Do you know what’s typically involved when it comes to bowel cancer and bowel cancer screening? A new report published in Public Health Research and Practice says many adults are unaware of bowel cancer risk factors and the screening recommendations for people of their age group.
The alarming report found 47 per cent of people over the age of 50 weren’t actually aware of the recommended bowel cancer screening test that is available. According to foundation Bowel Cancer Australia, a Faecal Immunochemical Test (FIT) is one of the easiest and most effective ways of detecting the disease, even when symptoms aren’t necessarily noticeable.
It involves providing a sample of your toilet water or a stool on a special card. The card is then mailed to a pathology lab, assessed, with results being returned to a patient and their GP. People who return negative results on their test only need to complete another test every one or two years, while people who return a positive result may require further testing and action.
The report found that just four in 10 people understood how often the tests need to be completed, while only 24 per cent of respondents in the study were able to correctly identify risk factors associated with bowel cancer.
At present, bowel cancer is one of the biggest cancer killers in Australia, ranking at number two behind lung cancer, with predictions that 33,000 people will die of the disease by 2025. An incredible 15,253 people are diagnosed with bowel cancer each year, a blow given that millions of Aussies have access to the taxpayer-funded National Bowel Cancer Screening Program.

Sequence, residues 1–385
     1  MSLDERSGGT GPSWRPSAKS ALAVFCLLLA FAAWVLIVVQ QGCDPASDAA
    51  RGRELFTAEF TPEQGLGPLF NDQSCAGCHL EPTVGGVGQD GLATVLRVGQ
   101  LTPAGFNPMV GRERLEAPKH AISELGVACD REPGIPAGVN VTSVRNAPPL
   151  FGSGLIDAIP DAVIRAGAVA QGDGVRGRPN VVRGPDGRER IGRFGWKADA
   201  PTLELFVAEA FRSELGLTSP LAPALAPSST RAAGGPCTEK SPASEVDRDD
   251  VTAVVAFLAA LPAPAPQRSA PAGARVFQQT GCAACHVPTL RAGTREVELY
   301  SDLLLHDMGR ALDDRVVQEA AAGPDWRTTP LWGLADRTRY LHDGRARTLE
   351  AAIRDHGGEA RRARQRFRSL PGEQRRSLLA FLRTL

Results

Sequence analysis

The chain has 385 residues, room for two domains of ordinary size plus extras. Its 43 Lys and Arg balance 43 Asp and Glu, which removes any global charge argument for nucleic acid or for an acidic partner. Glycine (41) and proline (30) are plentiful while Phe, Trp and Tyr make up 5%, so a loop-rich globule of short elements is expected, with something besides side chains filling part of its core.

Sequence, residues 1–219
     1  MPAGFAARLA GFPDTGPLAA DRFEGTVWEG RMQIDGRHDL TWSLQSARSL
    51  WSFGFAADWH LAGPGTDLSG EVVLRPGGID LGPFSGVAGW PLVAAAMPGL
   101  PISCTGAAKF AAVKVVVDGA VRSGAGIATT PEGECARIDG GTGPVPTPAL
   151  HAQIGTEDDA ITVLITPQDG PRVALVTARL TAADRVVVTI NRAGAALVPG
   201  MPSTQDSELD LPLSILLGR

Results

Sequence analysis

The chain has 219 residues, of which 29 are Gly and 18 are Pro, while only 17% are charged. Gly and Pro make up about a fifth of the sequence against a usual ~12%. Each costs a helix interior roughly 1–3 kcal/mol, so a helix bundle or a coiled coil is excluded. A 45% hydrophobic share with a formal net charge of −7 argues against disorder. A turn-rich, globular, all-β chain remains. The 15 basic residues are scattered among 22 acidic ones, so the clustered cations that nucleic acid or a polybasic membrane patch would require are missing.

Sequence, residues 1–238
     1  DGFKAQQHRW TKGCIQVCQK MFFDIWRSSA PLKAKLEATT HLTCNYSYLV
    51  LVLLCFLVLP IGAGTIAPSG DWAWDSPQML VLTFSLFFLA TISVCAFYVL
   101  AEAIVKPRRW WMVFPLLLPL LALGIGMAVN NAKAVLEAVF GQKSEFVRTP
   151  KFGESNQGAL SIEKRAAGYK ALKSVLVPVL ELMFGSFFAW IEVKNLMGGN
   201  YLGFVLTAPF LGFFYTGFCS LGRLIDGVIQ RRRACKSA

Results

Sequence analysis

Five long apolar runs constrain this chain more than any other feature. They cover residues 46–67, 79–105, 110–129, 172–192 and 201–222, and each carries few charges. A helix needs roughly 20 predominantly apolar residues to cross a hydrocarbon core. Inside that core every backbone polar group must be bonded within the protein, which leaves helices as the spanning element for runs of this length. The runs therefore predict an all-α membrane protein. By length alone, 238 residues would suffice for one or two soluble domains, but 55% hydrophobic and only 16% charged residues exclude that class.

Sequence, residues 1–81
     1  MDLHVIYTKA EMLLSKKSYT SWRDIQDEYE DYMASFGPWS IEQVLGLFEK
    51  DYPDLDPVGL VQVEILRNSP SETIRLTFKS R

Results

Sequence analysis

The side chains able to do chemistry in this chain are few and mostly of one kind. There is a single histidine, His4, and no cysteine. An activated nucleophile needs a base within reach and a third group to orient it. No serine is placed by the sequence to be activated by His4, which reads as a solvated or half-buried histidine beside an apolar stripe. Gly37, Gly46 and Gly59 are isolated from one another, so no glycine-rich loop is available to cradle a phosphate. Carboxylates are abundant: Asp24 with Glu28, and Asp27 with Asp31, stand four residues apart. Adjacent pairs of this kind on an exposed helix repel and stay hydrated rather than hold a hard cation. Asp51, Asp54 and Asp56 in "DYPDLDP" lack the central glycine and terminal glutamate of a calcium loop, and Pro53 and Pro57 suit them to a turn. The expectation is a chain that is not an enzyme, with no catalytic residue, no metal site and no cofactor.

Colorectal cancer surgeon Graham Newstead said bowel cancer is particularly harmful as it can develop without warning signs. “That’s why Australians need to know the risk factors, make necessary lifestyle modifications, participate in screening appropriate to their level of risk, and be on the lookout for symptoms suggestive of bowel cancer,” he said.
Bowel Cancer Australia Chief Executive Julien Wiggins described knowledge of bowel cancer risk factors as “dangerously low” and said factors such as smoking, alcohol consumption and increased weight are things people could easily change about their lifestyle. He added that age, genetics and family health history could also impact a bowel cancer diagnosis, but that regular screenings could slash the risks of bowel cancer becoming deadly.
“Studies show participating in screening can reduce your risk of dying from bowel cancer by 16 per cent,” he said. “From age 50, Australians can take advantage of the taxpayer-funded National Bowel Cancer Screening Program (NBCSP), however, people are encouraged to speak to their GP about individual circumstances and participate in screening appropriate to their personal level of risk.”
There is a vast array of factors that people should be aware of that are typically associated with bowel cancer. These can include, but aren’t limited to, a change in bowel habits, poo becoming looser and more diarrhoea-like, noticing blood in the toilet, changes in the appearance of stools, swelling of the abdomen and even unexplained tiredness. The report suggests that people should seek medical advice if symptoms are lasting for longer than two weeks.
Bowel Cancer Australia launched the ‘Don’t Wait Until It’s Too Late’ campaign yesterday, a month-long initiative to raise awareness around the cancer and encouraging people to test for it.
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